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Give me some hope

  1. Dec 7, 2008 #1
    Well here goes. I have been looking at the posts in this forum and they have been stressing me out about my age. I am 27 and have finished an associates degree and am in my first year as a physics students at a state school. Depending on how the classes are offered I will finish my bachelors around my 30th or 31st birthday. From what I have seen here from other peoples posts in this section is career wise I might be at a huge disadvantage if I am finishing my masters in my early/mid 30s. Anyone else have some personal experience with this?
     
  2. jcsd
  3. Dec 7, 2008 #2

    Choppy

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    Why would you be at a disadvantage because of your age?

    Mature students that I've taught in undergrad tend to do a little better than their younger coutnerparts if for no other reason than because they have more life experience to draw on.

    I've noticed a lot of people tend to subscribe to this notion that if you haven't finished your PhD by the time you're thirty you're at some kind of a disadvantage in life, but I've never really understood it. It's not like we're playing professional hockey and we need the physical advantages offered by youth to remain competative. Sure it's nice to know what you want to do with your life the moment you take your first steps, but most of us take some time in figuring it out and I think the biggest mistake people can make is to believe that they are too old to pursue something like physics.

    The arguments that I understand are things like mature students having families and therefore not being able to relegate their dependents to the freugal student lifestyle.
     
  4. Dec 8, 2008 #3
    Harv, I'm in the same boat as you. 26, did two years at a community college, and in my first year of Physics at a state school. Don't be discouraged! As Choppy says, it's never too late to make the best of it.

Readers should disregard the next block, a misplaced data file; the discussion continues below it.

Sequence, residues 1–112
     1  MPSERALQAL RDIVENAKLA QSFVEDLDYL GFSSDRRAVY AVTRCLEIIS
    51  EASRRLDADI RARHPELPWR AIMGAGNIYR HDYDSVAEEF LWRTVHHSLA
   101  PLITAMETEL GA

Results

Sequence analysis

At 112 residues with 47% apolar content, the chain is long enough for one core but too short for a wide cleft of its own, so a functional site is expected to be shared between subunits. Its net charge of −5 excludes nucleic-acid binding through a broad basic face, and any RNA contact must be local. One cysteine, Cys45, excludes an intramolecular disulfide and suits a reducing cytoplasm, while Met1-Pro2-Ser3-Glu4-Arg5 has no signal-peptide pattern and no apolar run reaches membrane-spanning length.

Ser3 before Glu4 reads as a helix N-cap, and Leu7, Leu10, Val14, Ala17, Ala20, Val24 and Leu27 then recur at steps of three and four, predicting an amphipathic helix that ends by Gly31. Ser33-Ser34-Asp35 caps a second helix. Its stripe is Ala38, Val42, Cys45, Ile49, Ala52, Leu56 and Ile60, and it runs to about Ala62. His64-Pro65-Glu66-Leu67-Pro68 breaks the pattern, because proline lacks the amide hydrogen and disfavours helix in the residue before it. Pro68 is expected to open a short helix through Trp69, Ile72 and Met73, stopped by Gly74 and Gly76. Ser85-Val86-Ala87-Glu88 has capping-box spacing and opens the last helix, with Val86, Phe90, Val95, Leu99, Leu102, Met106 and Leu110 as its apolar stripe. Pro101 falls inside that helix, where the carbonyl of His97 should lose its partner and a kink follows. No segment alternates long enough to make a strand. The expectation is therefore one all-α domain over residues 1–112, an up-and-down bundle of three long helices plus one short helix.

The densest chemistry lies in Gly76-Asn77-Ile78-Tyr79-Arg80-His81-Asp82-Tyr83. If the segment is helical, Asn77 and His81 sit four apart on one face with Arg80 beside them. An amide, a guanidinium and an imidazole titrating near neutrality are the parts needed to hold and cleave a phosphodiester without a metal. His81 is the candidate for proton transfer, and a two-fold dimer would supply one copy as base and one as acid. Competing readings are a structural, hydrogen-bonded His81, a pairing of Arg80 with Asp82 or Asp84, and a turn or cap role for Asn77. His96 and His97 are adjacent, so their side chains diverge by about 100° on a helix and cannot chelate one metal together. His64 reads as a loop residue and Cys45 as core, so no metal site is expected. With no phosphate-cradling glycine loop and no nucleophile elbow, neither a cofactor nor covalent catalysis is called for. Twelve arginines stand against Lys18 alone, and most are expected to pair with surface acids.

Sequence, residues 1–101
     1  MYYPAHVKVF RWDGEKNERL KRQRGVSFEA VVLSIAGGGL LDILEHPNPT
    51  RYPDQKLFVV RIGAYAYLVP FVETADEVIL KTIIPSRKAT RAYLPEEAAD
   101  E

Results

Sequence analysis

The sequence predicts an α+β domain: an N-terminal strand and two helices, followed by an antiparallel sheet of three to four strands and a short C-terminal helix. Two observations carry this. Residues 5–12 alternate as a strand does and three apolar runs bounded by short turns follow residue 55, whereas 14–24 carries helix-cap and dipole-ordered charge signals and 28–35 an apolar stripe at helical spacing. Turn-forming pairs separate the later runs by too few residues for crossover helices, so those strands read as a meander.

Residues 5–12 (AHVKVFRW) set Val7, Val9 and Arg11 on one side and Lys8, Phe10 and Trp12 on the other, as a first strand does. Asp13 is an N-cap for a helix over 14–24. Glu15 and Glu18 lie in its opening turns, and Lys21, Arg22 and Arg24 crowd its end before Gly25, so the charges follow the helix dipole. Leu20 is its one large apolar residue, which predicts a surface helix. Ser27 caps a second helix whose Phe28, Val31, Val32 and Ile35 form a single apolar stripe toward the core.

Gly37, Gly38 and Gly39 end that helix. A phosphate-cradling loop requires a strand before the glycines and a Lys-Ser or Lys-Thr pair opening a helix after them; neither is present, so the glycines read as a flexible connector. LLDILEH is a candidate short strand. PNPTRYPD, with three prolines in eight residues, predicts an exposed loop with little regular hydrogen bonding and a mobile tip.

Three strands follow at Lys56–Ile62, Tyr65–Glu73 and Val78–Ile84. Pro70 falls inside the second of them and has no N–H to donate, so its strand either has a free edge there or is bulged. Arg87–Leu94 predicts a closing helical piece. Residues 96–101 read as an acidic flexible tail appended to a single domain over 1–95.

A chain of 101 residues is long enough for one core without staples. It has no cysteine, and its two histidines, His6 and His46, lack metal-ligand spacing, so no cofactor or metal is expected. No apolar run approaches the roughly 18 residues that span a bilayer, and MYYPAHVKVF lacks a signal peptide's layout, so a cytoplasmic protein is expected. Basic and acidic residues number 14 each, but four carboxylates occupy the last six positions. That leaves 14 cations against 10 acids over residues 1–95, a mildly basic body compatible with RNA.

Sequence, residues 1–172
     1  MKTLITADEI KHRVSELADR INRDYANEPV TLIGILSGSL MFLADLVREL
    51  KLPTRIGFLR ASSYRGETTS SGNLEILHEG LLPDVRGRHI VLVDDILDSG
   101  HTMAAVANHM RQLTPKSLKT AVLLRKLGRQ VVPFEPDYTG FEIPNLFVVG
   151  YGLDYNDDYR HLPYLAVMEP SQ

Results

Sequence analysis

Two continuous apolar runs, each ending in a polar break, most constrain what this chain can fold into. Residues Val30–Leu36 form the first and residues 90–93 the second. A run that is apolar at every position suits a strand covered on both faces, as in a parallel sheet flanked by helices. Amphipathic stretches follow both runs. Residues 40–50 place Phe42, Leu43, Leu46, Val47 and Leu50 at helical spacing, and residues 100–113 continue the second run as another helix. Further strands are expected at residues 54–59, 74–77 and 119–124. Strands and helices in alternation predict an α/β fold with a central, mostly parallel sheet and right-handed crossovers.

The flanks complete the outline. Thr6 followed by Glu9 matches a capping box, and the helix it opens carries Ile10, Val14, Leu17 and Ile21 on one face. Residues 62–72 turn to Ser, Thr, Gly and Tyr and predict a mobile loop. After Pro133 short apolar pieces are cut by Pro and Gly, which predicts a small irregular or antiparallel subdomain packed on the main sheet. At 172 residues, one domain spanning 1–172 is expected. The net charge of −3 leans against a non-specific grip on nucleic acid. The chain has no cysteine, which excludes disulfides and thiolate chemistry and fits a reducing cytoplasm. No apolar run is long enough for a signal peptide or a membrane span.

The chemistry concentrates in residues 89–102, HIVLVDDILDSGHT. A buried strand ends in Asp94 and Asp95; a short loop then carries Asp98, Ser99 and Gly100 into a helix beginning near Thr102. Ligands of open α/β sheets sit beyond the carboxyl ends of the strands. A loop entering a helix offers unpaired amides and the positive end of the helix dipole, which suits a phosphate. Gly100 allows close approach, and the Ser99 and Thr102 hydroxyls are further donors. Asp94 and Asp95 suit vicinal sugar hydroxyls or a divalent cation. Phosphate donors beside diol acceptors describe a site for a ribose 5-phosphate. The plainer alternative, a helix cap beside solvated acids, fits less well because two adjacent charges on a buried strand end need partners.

5. Dec 8, 2008 #4
    My Advisor (a brilliant physicist and University Professor) must of been around 30 when he started his formal physics education, after a career switch from Banking!!! I just can't picture the guy as a banker...I just can't....

    But anyway, that is hopefully some hope for you.
     
  6. Dec 8, 2008 #5

    mathwonk

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    relax. I am 66 and wondering what to do next, and who will hire me when i retire. you have a lot of options. you are a relatively young man who is working at making a career. just hang in there. life is long and offers many opportunities.
     
  7. Dec 8, 2008 #6

    lisab

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    Your choices are:

    • Being 30 or 31 with a college degree
    • Being 30 or 31 without a college degree

    Stick with it, harvellt. You know you'll regret it if you stop now...good luck (and stick with PF)!
     
  8. Dec 10, 2008 #7
    Agree with the above posts.

    Your job prospects are going to depend primarily on what area of physics you study when getting your masters (especially your research area). Your age will be of little to no importance.

    The lost income does stink, but if you work hard the gamble may well pay off.
     
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